There was a moment last year, as COVID-19 brought the entire planet to a standstill, when the chef and owner of one of the world's most renowned and expensive restaurants thought he might lose everything.
Daniel Humm's restaurant, Eleven Madison Park, has three Michelin stars and had recently topped the World's 50 Best Restaurants list. But like so many other less famous restaurants during the pandemic, it had to lay off all its employees, was struggling to pay its vendors and was facing the once-unthinkable prospect of filing for bankruptcy.
"At times I thought, well, if we're going bankrupt with Eleven Madison Park, maybe that's the end of a chapter," Humm told CNN in an interview in August. "I actually got to the place where I was comfortable with that idea. I mean, you have to."
Humm came to find the idea liberating, he said. Like many others before him he had previously concluded the food system required less meat consumption to be sustainable long-term. So if he might lose the restaurant anyway, why not take a chance?
That thinking laid the groundwork for a decision that shocked the food world: In early May, Humm announced that when Eleven Madison park reopened the following month it would go completely plant-based. (The only exception, he said at the time, would be cow's milk as an add-on for coffee or tea.)
The menu — which includes items like a vegan caviar service made from tonburi, roasted eggplant with coriander and sesame tofu with squash — is all served with the signature flair and detail that Eleven Madison Park is known for.
But the move comes with significant risks. By going meatless, Humm is potentially shrinking his customer base to a smaller niche of diners. And those diners currently have cheaper options among other vegan or vegan-friendly fine-dining establishments in New York.
Amanda Cohen of Dirt Candy, for example, has been creating plant-based fine dining since 2008, with a tasting menu that runs for $130 per person including wine. Daniel Boulud opened his "vegetable-forward and seafood centric" restaurant Le Pavillon earlier this year, and a six-course vegetarian tasting menu is $155.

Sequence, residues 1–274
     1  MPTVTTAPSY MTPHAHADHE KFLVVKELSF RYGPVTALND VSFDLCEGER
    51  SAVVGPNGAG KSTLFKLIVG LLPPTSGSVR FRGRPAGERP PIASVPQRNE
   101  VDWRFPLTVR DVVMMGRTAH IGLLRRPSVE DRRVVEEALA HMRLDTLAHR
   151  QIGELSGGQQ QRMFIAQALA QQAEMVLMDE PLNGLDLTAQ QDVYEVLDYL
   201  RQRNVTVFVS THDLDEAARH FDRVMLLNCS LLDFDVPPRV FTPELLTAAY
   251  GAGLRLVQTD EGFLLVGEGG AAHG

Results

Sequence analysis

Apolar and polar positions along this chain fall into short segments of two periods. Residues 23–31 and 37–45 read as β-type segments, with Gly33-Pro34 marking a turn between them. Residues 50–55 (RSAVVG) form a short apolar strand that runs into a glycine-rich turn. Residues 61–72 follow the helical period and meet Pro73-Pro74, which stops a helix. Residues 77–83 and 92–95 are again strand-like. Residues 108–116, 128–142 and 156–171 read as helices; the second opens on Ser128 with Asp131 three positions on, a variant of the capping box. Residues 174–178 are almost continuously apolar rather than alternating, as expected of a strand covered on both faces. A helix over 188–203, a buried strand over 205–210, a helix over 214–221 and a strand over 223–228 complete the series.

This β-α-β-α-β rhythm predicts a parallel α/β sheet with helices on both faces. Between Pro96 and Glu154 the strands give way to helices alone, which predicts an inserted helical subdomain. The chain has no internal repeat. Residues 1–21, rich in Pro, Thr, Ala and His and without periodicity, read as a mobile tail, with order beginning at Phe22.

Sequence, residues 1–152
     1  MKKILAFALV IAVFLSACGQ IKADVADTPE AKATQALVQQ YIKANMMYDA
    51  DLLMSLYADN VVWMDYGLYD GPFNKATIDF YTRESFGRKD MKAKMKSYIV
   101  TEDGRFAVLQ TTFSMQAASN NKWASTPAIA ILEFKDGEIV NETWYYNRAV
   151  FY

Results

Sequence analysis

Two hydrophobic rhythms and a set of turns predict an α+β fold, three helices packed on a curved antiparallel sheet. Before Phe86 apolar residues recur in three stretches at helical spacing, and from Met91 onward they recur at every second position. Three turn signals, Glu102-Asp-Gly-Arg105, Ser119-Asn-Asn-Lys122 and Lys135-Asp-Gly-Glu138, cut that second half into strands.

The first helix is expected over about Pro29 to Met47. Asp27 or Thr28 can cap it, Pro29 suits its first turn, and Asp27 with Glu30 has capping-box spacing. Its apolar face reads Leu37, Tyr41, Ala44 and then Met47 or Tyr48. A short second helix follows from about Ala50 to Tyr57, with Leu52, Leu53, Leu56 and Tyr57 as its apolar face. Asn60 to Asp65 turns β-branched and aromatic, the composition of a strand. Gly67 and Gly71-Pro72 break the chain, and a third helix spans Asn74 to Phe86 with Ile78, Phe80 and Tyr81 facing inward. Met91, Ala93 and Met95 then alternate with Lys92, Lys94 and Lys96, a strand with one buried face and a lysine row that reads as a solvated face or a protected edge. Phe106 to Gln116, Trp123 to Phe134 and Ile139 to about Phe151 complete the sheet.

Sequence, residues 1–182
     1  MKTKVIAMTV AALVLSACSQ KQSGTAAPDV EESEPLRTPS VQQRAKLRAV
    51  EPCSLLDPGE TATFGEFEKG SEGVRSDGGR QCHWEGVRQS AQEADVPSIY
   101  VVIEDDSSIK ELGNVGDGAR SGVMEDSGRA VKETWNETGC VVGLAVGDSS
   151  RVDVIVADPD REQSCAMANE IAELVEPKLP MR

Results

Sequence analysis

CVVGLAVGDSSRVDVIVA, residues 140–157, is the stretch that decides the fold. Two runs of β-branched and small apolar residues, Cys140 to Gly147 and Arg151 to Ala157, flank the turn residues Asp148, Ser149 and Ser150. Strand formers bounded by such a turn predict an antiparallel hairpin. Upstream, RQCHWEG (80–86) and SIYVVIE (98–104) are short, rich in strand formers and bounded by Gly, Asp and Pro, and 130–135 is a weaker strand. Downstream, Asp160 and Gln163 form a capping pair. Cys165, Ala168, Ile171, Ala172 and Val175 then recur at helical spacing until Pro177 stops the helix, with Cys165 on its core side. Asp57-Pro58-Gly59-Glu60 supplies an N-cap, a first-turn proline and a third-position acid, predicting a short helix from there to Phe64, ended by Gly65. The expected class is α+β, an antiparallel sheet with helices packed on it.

Humm, however, didn't cut the price when cutting the meat. EMP's prix-fixe menu is still $335 per person — more if you add wine to the tab.
Reputation matters a lot for a restaurant like EMP, which is in a tier that relies on staying buzzy. In a pre-COVID-19 world, it was the kind of restaurant people traveled thousands of miles for after working hard to cinch a notoriously difficult reservation. Since the reopening diners have largely been New Yorkers, but that is unlikely to be the case long-term once travel picks up again. The question is whether the new menu can keep up the appeal and the hype that's critical to EMP's survival.
The reviews so far — including a scathing piece from the New York Times' Pete Wells
The early reviews of the new EMP have largely not been positive. Some have even been downright scathing.
"This $1,000 dinner for two is not going to change the world. It is not a redefining of luxury, or anything close to it," Eater's Ryan Sutton wrote in September. "Omnivores have long been seeking out accessible yet ambitious vegetarian and vegan fare, and Humm, based on a mid-August meal, doesn't yet appear to fully possess the palate, acumen, or cultural awareness to successfully manipulate vegetables or, when necessary, to let them speak for themselves."
New York Times critic Pete Wells' review last month went viral for its withering lines, including one about an EMP beet tasting like "a cross between lemon Pledge and a burning joint." Beyond his problems with the food itself, Wells also pointed out that people who have environmental concerns about meat may not have much reason to celebrate EMP's move.